The WVU coach also makes light of his drinking episodes, which seems to sit okay with deeply-religious Mountaineer fans who regularly listen to him curse like a trooper on the sidelines. Hmmn. Drinking alcohol and cursing. THAT’S definitely the role model West Virginia Bible-thumpers need.
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Meanwhile, if some “inside” reports are true and Marshall does not intend to fire Head Basketball Coach Tom Herrion after this season, the athletic department surely wants to make a disaster of the basketball program. If DeAndre Kane isn’t proof positive that Herrion has no idea how to coach a college player, I don’t know what Kane’s performance this season for Iowa State shows.
Everyone who watches Marshall basketball knew what a talent Kane is — except, apparently, Herrion. Moving to Iowa State has made Kane a national superstar, which he could have been at Marshall as well if he’d had any coaching.
Herrion MUST go.
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On the other hand, in the boys sectionals, Scott is prepared to play Wayne this evening (Wednesday, March 5) at the Logan Fieldhouse. The Skyhawks will be prohibitive favorites to defeat their opponent in the opening round, after Wayne dispatched Tolsia in the opening game Saturday.
If Scott wins tonight, they will play for the Region IV, Section 2 championship Friday evening at 7:30 p.m., also in Willlie Akers Arena. Chapmanville and Mingo Central are to meet in the other sectional game tonight for the chance to meet the Section 2 titlist. My guess is that Brad Napier’s suddenly-better Mingo Central squad will escape from that game to meet Scott.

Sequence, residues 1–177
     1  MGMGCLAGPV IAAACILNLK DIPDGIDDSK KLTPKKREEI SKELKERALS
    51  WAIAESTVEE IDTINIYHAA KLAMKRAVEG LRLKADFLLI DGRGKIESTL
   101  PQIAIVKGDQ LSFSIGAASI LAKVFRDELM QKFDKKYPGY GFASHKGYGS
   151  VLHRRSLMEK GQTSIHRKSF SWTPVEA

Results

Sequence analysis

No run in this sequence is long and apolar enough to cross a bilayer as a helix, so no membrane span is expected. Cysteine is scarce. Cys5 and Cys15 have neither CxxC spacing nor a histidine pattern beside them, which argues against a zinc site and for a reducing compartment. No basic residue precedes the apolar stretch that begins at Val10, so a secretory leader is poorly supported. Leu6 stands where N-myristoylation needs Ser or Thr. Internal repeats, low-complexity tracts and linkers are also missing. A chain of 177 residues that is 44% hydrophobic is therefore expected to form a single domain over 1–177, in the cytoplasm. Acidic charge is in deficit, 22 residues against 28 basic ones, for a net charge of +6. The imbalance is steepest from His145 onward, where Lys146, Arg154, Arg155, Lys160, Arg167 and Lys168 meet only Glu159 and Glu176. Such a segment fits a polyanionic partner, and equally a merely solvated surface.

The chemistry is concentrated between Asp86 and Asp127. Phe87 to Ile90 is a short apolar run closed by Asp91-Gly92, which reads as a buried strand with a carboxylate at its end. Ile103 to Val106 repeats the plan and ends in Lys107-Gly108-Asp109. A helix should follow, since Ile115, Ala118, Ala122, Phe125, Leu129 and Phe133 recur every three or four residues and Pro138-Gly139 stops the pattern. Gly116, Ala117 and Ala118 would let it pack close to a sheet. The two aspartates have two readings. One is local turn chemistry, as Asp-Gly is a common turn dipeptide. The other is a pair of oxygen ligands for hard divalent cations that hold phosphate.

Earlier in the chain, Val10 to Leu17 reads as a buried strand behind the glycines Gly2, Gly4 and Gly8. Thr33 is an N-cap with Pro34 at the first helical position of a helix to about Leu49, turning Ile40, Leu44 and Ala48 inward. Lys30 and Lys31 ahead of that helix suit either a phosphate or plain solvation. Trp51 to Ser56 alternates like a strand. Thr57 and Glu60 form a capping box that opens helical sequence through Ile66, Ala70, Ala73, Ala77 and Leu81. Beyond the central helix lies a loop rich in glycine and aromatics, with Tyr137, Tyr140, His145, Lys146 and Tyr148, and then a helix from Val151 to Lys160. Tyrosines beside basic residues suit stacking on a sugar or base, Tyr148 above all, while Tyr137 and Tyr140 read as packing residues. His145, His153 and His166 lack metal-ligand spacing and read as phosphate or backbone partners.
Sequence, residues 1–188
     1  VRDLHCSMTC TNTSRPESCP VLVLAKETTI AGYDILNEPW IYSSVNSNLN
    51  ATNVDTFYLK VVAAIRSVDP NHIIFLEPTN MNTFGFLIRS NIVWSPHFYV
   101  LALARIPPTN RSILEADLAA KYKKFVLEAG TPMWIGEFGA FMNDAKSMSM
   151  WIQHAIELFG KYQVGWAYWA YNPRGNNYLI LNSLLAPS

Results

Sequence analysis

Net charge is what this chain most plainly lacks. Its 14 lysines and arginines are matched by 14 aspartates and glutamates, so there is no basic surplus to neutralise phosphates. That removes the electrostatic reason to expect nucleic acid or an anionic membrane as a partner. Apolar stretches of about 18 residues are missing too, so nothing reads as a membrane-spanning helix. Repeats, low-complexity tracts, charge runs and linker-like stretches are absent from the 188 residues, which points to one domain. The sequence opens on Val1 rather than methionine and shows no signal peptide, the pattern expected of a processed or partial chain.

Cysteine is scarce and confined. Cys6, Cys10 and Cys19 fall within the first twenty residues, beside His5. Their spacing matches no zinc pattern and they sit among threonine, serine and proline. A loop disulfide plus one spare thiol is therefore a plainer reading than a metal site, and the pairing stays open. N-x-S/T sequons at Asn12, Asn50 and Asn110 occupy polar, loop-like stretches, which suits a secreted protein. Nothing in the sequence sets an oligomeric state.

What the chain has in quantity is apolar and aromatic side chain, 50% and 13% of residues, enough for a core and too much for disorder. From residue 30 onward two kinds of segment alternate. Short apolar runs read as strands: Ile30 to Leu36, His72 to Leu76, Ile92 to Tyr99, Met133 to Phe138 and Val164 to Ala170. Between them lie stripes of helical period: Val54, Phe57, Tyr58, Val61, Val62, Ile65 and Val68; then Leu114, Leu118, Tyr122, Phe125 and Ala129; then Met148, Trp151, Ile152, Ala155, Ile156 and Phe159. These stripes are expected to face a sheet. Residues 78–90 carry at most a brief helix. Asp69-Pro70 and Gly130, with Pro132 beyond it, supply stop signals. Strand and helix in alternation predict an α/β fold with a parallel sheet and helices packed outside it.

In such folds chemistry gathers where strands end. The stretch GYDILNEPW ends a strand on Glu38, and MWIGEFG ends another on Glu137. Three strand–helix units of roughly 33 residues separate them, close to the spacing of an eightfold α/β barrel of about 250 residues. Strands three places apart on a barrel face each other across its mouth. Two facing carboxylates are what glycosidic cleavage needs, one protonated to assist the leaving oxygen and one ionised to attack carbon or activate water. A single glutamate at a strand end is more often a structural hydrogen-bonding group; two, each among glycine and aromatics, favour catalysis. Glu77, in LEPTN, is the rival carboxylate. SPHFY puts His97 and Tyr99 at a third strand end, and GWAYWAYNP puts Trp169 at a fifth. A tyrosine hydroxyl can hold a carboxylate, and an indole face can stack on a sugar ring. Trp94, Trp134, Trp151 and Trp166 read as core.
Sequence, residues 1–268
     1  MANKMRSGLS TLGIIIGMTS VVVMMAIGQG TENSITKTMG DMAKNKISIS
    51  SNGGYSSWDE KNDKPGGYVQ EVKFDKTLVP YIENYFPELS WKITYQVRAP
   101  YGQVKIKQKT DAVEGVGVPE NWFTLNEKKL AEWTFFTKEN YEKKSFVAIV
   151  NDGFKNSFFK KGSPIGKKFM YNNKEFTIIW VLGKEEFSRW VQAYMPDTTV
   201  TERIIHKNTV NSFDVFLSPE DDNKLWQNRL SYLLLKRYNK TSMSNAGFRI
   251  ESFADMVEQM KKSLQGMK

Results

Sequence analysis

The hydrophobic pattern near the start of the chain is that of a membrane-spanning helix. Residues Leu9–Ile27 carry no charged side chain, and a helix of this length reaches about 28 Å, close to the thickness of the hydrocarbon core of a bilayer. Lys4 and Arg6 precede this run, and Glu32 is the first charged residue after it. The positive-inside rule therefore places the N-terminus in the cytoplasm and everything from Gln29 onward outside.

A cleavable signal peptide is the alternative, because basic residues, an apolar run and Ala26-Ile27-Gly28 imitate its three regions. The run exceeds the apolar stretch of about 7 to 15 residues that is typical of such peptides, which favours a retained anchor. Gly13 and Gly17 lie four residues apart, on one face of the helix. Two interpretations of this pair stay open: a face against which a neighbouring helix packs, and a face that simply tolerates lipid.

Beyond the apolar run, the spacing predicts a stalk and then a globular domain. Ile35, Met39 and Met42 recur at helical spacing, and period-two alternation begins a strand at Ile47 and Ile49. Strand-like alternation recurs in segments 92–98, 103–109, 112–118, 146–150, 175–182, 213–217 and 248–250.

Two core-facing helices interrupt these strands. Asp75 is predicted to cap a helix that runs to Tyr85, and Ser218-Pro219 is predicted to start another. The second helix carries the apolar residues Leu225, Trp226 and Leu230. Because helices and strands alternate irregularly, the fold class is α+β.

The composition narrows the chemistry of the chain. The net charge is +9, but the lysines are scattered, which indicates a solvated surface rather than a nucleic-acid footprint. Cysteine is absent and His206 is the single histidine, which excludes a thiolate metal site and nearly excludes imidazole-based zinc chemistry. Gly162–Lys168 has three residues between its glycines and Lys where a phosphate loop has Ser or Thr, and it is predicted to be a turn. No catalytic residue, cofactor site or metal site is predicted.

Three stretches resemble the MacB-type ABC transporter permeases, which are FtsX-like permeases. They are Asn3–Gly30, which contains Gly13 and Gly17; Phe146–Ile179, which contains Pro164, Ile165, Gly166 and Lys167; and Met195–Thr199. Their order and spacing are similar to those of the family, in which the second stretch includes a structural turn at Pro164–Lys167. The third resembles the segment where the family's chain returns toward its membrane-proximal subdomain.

Scott-Mingo Central have battled well over the past few seasons and a game between those two would likely pack the fieldhouse — just as it would be filled for Scott-Chapmanville.
Certainly, I think the Tigers have a shot at defeating the Miners, but my money would be on Central, if betting was just legal in West Virginia.
Chapmanville Regional has not made a visit to the state tournament in boys basketball during its eight years of existence as a consolidation of the former Chapmanville High and Harts. As most Chapmanvillians know, the old Chapmanville High never made the state tourney, either. So, it would be some achievement if Head Coach Alan Hatcher and his crew could cut through the toughest region in the state to make the field at the civic center.
Scott, on the other hand, knows all about state tournaments, having been there last year and before. Head Coach Nick Cabell is young but his handling of the team shows a great deal of veteran expertise. Although, as I have noted, Cabell will never be as emotional as former Coach Jason Kingery, he does know how to motivate his team.